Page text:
Fearing The Unknown


Have you ever noticed how many really great boats sit in their slips every weekend, week after week, month after month and year after year? There is a reason for that. Not a good one, but a reason none the less.


Fear has kept more adventures from happening than any other single thing. What’s sad is what most folks fear is the unknown.

Adventure is going out into the unknown and making it known. For folks who fear the unknown, they will never experience adventure.

I remember when I got my first boat, a Cal 28, I used to think what a great experience it would be to sail to Catalina Island. It sat there, taunting me, just 26 miles across the channel. I wanted to sail there, but I was nervous. Nervous is fear wearing a satin jacket. A lot of folks don’t recognize it.

My first sail to Catalina Island was a real adventure. It was as exciting as any voyage I have ever made since. There was no real weather to speak of, nor were the seas high. There was no fog, and even the freighter traffic was nonexistent.

What was exciting was the fact that I learned there was nothing to fear out there. In the 30-odd years since then I have sailed hundreds of times to Catalina, but no trip could ever equal that first one, when I conquered my fear of the unknown voyage of 26 miles, and learned the most important lesson of my life.

A few months later a buddy called who was crewing on the 74’ square-rigged, topsail schooner Stone Witch. He told me they were putting together a trip to Central America, and he wanted to know if I wanted to join the crew.

My first thought was to say no. In the ‘70s Central America was a hotbed of bad news. Of course, back then I actually believed what I saw on the news!

But I choked down the fear and signed on. A few months later, as we sailed into Guatemala and El Salvador, I felt as at home there as if I was in my mother’s loving arms.

I learned a lesson from these events; one that has gotten me through my life experiencing adventure after adventure after adventure. It’s a simple lesson, but one that is better to learn early in life. You cannot have security and adventure simultaneously. If you stay in your secure zone you will never know adventure. And when you are living an adventure, you will not feel secure.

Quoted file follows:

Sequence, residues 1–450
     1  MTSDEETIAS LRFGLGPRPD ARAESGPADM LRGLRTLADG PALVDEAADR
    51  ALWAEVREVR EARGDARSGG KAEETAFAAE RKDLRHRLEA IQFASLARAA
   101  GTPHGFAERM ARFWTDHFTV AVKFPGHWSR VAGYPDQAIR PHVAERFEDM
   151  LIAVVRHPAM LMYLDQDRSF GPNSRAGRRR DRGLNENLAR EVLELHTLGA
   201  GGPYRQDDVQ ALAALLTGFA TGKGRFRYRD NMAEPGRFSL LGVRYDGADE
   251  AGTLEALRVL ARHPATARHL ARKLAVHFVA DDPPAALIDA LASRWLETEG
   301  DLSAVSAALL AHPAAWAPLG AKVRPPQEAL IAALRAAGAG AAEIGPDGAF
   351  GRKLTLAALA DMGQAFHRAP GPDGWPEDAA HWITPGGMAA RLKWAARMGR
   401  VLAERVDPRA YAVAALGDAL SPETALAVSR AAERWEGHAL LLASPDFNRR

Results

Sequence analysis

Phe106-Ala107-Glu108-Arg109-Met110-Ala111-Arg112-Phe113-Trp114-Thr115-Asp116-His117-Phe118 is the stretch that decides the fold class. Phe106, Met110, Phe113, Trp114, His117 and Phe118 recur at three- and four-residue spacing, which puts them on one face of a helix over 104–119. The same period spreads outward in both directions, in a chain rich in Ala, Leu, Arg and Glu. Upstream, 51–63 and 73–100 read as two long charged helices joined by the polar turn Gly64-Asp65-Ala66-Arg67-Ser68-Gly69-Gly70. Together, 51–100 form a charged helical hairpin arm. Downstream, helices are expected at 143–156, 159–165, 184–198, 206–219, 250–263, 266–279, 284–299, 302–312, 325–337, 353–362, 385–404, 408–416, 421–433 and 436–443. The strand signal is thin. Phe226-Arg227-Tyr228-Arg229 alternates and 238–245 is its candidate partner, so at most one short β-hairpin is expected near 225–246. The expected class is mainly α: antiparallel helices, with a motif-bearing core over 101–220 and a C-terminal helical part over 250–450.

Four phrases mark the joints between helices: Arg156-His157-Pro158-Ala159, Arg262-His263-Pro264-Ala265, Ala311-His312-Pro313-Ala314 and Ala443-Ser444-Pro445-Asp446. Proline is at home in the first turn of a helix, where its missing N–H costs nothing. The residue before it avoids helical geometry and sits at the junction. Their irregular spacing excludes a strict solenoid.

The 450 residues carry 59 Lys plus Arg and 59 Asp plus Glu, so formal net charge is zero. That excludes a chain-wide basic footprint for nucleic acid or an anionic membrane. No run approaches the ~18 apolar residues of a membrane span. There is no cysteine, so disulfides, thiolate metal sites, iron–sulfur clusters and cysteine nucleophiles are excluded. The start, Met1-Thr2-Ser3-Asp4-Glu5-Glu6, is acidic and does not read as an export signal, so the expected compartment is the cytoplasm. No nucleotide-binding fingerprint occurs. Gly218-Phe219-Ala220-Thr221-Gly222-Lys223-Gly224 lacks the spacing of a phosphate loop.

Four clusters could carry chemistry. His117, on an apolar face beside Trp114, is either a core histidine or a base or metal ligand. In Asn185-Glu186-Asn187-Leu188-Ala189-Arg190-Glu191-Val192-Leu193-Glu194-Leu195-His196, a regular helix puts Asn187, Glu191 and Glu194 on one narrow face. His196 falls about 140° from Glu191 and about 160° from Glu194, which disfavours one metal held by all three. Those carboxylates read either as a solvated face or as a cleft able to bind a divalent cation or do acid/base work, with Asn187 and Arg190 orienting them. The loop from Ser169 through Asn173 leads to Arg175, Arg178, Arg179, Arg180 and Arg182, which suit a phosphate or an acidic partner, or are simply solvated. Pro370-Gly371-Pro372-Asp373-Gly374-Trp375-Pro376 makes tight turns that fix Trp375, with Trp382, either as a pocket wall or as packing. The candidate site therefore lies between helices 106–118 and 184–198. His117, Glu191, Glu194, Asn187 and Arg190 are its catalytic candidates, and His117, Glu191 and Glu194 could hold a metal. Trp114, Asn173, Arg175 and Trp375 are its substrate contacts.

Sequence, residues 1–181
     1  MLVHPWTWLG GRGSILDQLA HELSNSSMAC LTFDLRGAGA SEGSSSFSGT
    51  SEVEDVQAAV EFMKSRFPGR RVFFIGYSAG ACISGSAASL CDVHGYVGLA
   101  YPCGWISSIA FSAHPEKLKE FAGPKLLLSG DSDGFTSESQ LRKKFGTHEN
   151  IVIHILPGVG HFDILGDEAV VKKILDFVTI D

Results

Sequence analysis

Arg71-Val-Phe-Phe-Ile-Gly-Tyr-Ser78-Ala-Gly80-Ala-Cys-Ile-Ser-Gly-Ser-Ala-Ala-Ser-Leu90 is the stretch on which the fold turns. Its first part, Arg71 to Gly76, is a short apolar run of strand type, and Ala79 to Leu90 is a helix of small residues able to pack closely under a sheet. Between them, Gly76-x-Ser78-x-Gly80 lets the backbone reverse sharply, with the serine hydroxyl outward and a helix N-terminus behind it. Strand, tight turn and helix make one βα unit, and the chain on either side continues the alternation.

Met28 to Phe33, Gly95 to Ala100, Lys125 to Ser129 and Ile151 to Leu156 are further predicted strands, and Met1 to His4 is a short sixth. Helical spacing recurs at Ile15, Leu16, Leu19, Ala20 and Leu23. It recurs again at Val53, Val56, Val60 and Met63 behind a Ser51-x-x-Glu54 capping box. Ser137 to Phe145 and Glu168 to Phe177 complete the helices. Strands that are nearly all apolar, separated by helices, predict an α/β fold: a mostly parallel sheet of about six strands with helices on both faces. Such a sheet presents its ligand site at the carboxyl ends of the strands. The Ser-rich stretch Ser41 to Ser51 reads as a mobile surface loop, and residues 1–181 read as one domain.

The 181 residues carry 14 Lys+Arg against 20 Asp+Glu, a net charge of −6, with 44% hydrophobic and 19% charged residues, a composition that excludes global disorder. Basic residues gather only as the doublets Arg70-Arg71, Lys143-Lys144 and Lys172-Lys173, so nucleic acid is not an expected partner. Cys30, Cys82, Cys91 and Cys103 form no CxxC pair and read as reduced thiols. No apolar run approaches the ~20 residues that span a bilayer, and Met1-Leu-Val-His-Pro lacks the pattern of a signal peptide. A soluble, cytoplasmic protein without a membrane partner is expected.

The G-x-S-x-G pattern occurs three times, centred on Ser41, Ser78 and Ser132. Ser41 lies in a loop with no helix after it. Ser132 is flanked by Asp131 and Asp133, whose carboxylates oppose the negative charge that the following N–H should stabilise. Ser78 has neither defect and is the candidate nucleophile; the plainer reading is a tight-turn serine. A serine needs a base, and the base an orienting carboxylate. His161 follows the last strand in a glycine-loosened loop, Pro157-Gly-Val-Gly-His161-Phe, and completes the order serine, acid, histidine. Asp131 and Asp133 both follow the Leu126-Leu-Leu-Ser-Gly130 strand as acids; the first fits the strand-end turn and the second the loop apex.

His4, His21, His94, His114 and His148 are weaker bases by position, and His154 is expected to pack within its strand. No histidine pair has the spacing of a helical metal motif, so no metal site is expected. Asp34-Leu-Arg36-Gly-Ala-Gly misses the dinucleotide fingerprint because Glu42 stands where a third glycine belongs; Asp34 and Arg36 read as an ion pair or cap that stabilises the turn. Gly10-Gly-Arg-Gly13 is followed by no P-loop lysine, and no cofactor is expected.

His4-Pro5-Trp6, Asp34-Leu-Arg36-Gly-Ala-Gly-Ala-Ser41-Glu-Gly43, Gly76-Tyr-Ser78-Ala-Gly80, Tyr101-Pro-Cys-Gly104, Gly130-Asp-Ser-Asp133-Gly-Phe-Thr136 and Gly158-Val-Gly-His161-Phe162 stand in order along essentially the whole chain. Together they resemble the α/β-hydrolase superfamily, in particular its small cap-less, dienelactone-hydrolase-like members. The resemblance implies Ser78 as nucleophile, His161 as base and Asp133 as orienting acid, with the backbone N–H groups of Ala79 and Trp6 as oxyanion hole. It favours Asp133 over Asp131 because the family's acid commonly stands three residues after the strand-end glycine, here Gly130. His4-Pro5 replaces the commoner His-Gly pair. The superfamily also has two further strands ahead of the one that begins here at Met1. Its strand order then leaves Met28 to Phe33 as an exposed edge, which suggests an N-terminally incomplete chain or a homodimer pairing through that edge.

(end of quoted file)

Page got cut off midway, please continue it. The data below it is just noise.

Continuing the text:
Yes, you can feel securely at anchor. But show me a sailor who isn’t ready to hit the deck running if he hears an unusual sound while in a strange anchorage.

And so we walk the docks of America, and see hundreds and hundreds of boats sitting in their slips or on their moorings for months and years on end. Dreams unfulfilled.

“Life is either a daring adventure or nothing.”

Helen Keller (1880 – 1968)


  1. I loved this article the first time I read it. We are buying our first cruising vessel, a Morgan 462, this month that has been sitting in her slip completely unused for the past two years. We've watched her sitting there at the marina begging for attention and to do what she was built to do. Her owner is really nice older gentleman who bought to her to take off and cruise. I suspect that fear has been the only thing to hold him back. This is our third year of working towards satisfying our wanderlust and to say we have been and are scared to death would be an understatement of epic proportions. Selling your large suburban home, changing occupations, and moving your family of four onto a floating tube is not a natural act. At the same time, we are so excited that we can barely contain ourselves. My wife busted into alligator tears this weekend while we were showing the boat to our 10 year old son. Indeed, the biggest and hardest step of actually buying the boat and moving aboard will now not bring fear but relief and euphoria.

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